Bean and Muller say they intend to replace the gigantic D.C. gatherings with smaller Memorial Day rides around the country. Rolling Thunder, which also provides small-scale charitable support to veterans in need, has more than 90 local chapters. Bean said. Following the final gathering on the Potomac in 2019, events are already planned for 2020 in Tennessee, New Jersey and Ohio.

The group finally decided to end the Washington one after what Bean describes as “unreal” arguments with Pentagon police at the most recent Rolling Thunder. He and Muller describe conflicts over traffic and parking and access that have grown year by year. A partnership that started with the first Rolling Thunder in 1987 — when some 3,000 riders rolled in after seeing an ad in Outlaw Biker magazine — has grown more complicated as the gathering grew massive and security demands swelled in the wake of 9/11. Bean said the Pentagon allows less and charges more, up to $50,000 for a morning’s use of its parking lots.

The Defense Department declined to address the group’s specific complaints but committed to playing a role at least one more time. “The Pentagon is prepared to support the 2019 Rolling Thunder ride as we have for the last 31 years,” spokeswoman Sue Gaugh told The Washington Post on Thursday.

As the Thunder begins to fade, it leaves behind a legacy of more than just a yearly weekend of two-wheeled brotherhood. The group was instrumental in planting the black POW flag in government buildings around the country and the creation of a POW/MIA postage stamp. In the early 1990s, it helped pass the Missing Service Personnel Act, which prohibits the Pentagon from declaring a service member killed in action without substantial evidence. Now, it is pushing to mandate that the POW flag fly over the White House and the Capitol every day.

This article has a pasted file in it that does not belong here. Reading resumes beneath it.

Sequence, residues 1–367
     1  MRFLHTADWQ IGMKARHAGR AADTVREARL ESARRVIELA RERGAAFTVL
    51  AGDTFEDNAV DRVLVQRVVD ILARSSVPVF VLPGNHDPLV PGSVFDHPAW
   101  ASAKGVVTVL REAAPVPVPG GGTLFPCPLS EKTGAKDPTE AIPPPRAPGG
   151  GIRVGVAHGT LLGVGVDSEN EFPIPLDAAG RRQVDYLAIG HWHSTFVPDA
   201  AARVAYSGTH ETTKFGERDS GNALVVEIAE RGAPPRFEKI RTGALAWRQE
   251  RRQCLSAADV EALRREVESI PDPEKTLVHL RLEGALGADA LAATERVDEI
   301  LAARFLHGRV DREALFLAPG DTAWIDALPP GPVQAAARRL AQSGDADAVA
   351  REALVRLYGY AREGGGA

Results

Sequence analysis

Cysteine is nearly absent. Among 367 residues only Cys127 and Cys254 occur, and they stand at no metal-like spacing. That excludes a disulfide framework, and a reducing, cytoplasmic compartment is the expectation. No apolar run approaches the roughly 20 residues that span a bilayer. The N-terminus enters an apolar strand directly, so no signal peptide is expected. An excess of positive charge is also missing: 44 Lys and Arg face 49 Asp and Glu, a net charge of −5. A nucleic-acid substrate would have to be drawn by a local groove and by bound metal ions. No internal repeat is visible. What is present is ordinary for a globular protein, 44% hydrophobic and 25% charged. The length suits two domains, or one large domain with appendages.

Muller, who speaks as caustically about politicians as he does every other subject, has met with presidents from George H.W. Bush to Barack Obama. Donald Trump addressed the rally as a candidate in 2016. The group has counted a number of vocal supporters on Capitol Hill. One of his strongest Senate allies, Muller said, is Elizabeth Warren, the liberal Democrat from Massachusetts.

“She’s been very good to us,” he said.

He and Bean hope that the dispersal of Rolling Thunder events across the country will translate into more national influence as the rallies get more attention from local media and elected officials. But they know that next Memorial Day will mark the passing a long and loud tradition in the nation’s capital.

“I feel bad for the veterans and for the hotels and restaurants and everybody else,” Bean said. “That’s who it is going to hurt.”

Muller said he will spend more time building model train layouts with his grandson and working on local chapter rallies. As for saying goodbye to Washington, he said, that is just a real shame.

(But he didn’t say “real.”)